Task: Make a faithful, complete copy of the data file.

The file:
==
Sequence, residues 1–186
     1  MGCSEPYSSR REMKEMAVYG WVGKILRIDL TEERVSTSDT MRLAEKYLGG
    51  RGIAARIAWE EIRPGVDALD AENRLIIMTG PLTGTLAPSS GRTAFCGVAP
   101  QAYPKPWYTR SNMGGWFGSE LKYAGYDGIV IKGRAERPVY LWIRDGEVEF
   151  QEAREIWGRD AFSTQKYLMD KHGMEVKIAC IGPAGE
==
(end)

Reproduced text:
Sequence, residues 1–186
     1  MGCSEPYSSR REMKEMAVYG WVGKILRIDL TEERVSTSDT MRLAEKYLGG
    51  RGIAARIAWE EIRPGVDALD AENRLIIMTG PLTGTLAPSS GRTAFCGVAP
   101  QAYPKPWYTR SNMGGWFGSE LKYAGYDGIV IKGRAERPVY LWIRDGEVEF
   151  QEAREIWGRD AFSTQKYLMD KHGMEVKIAC IGPAGE